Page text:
The Act established a Nuclear Waste Fund composed of fees levied against electric utilities to pay for the costs of constructing and operating a permanent repository, and set the fee at one mill per kilowatt-hour of nuclear electricity generated. Utilities were charged a one-time fee for storage of spent fuel created before enactment of the law. Nuclear waste from defense activities was exempted from most provisions of the Act, which required that if military waste were put into a civilian repository, the government would pay its pro rata share of the cost of development, construction and operation of the repository. The Act authorized impact assistance payments to states or Indian tribes to offset any costs resulting from location of a waste facility within their borders.[6]

Nuclear Waste Fund

The Nuclear Waste Fund receives almost $750 million in fee revenues each year and has an unspent balance of $25 billion. However (according to the Draft Report by the Blue Ribbon Commission on America’s Nuclear Future), actions by both Congress and the Executive Branch have made the money in the fund effectively inaccessible to serving its original purpose. The commission made several recommendations on how this situation may be corrected.[7]

Yucca Mountain

In December 1987, Congress amended the Nuclear Waste Policy Act to designate Yucca Mountain, Nevada as the only site to be characterized as a permanent repository for all of the nation's nuclear waste.[8] The plan was added to the fiscal 1988 budget reconciliation bill signed on December 22, 1987.

Working under the 1982 Act, DOE had narrowed down the search for the first nuclear-waste repository to three Western states: Nevada, Washington and Texas. The amendment repealed provisions in the 1982 law calling for a second repository in the eastern United States. No one from Nevada participated on the House-Senate conference committee on reconciliation.

The amendment explicitly named Yucca Mountain as the only site where DOE was to consider for a permanent repository for the nation's highly radioactive waste. Years of study and procedural steps remained. The amendment also authorized a monitored retrievable storage facility, but not until the permanent repository was licensed.[9]

Early in 2002 the Secretary of Energy recommended Yucca Mountain for the only repository and President Bush approved the recommendation. Nevada exercised its state veto in April 2002 but the veto was overridden by both houses of Congress by mid-July 2002.[10] In 2004, the U.S. Court of Appeals for the District of Columbia Circuit upheld a challenge by Nevada, ruling that EPA’s 10,000-year compliance period for isolation of radioactive waste was not consistent with National Academy of Sciences (NAS) recommendations and was too short.[11][12] The NAS report had recommended standards be set for the time of peak risk, which might approach a period of one million years[13] By limiting the compliance time to 10,000 years, EPA did not respect a statutory requirement that it develop standards consistent with NAS recommendations.[14] The EPA subsequently revised the standards to extend out to 1 million years. A License Application was submitted in the summer of 2008 and is presently under review by the Nuclear Regulatory Commission.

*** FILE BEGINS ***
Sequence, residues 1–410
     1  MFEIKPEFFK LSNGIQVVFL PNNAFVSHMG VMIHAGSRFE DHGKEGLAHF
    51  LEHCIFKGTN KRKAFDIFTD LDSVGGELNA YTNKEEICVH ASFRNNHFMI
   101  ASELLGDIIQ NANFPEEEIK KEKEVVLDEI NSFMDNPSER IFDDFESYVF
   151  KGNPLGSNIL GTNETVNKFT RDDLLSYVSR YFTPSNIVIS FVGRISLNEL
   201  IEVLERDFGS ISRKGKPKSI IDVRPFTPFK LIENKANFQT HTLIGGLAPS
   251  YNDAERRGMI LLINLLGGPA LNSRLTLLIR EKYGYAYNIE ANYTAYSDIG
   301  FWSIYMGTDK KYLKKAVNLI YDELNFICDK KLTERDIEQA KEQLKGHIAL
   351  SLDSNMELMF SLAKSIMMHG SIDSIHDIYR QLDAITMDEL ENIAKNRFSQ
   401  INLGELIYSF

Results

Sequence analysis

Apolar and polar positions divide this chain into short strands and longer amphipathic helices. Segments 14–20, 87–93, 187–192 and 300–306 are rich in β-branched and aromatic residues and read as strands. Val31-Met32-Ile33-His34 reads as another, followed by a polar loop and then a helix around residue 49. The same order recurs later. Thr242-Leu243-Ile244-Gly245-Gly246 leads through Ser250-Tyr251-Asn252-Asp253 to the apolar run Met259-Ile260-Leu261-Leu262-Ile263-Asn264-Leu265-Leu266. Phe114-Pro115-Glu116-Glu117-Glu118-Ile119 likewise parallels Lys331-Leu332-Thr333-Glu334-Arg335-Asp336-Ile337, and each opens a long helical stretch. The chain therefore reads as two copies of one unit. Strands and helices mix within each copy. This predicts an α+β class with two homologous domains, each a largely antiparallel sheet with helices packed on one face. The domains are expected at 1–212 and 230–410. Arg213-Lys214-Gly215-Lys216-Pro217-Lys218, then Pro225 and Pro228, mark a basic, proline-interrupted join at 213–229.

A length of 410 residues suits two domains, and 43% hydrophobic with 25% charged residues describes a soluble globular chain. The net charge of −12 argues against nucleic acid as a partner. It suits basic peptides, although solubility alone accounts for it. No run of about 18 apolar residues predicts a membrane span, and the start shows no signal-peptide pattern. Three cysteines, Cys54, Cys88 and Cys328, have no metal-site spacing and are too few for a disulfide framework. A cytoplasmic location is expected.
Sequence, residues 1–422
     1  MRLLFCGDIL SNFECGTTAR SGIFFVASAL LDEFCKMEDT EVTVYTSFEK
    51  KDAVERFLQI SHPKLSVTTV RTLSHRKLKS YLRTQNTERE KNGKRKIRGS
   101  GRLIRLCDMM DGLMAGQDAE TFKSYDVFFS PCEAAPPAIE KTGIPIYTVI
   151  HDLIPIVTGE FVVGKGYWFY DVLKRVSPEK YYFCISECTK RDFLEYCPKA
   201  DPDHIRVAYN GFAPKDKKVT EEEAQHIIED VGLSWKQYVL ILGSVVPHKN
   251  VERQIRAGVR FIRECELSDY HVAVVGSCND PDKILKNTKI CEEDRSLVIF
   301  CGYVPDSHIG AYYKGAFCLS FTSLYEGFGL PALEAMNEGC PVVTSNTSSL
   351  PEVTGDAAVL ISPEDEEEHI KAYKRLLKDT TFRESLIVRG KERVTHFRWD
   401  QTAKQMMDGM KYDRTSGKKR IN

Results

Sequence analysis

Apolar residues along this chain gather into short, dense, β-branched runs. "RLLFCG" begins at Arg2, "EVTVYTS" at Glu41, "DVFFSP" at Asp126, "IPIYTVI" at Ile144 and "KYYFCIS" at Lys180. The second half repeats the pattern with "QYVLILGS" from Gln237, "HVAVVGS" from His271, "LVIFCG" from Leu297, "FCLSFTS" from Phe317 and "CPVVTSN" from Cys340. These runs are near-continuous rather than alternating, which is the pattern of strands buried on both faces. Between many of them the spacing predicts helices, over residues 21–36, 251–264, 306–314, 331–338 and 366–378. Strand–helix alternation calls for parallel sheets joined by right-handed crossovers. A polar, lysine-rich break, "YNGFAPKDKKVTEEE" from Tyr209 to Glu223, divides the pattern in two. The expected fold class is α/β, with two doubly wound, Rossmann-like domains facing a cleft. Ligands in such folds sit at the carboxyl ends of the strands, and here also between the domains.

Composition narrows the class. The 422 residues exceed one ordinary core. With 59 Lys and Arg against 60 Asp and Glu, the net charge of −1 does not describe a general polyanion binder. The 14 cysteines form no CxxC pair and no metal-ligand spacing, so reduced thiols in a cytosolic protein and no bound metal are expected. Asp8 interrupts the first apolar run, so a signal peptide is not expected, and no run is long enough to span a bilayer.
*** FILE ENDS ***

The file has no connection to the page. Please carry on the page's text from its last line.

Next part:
The Obama Administration rejected use of the site in the 2010 United States Federal Budget budget, which eliminated all funding except that needed to answer inquiries from the Nuclear Regulatory Commission, "while the Administration devises a new strategy toward nuclear waste disposal."[15] However, the NWPA is still the federal law and is not a project of the President and can not be canceled by either Obama or Chu. On March 5, 2009, Energy Secretary Steven Chu told a Senate hearing the Yucca Mountain site is no longer viewed as an option for storing reactor waste.[16] In Obama's 2011 budget proposal released February 1, all funding for nuclear waste disposal was zeroed out for the next ten years and it proposed to dissolve the Office of Civilian Waste Management required by the NWPA. In late February 2010 multiple lawsuits were proposed and/or being filed in various federal courts across the country to contest the legality of Chu's direction to DOE to withdraw the license application.[17] These lawsuits were evidently foreseen as eventually being necessary to enforce the NWPA since Section 119 of the NWPA provides for federal court interventions if the President, Secretary of Energy or the Nuclear Regulatory Commission fail to uphold the NWPA.

Prerequisites for radioactive waste management

Hannes Alfvén, Nobel laureate in physics, described the as yet unresolved dilemma of permanent radioactive waste disposal:

“The problem is how to keep radioactive waste in storage until it decays after hundreds of thousands of years. The [geologic] deposit must be absolutely reliable as the quantities of poison are tremendous. It is very difficult to satisfy these requirements for the simple reason that we have had no practical experience with such a long term project. Moreover permanently guarded storage requires a society with unprecedented stability.”[18]

Thus, Alfvén identified two fundamental prerequisites for effective management of high-level radioactive waste: (1) stable geological formations, and (2) stable human institutions over hundreds of thousands of years. However, no known human civilization has ever endured for so long. Moreover, no geologic formation of adequate size for a permanent radioactive waste repository has yet been discovered that has been stable for so long a period.

Because some radioactive species have half-lives longer than one million years, even very low container leakage and radionuclide migration rates must be taken into account.[19] Moreover, it may require more than one half-life until some nuclear waste loses enough radioactivity so that it is no longer lethal to humans. Waste containers have a modeled lifetime of 12,000 to over 100,000 years[20] and it is assumed they will fail in about two million years. A 1983 review of the Swedish radioactive waste disposal program by the National Academy of Sciences found that country’s estimate of about one million years being necessary for waste isolation “fully justified.”[21]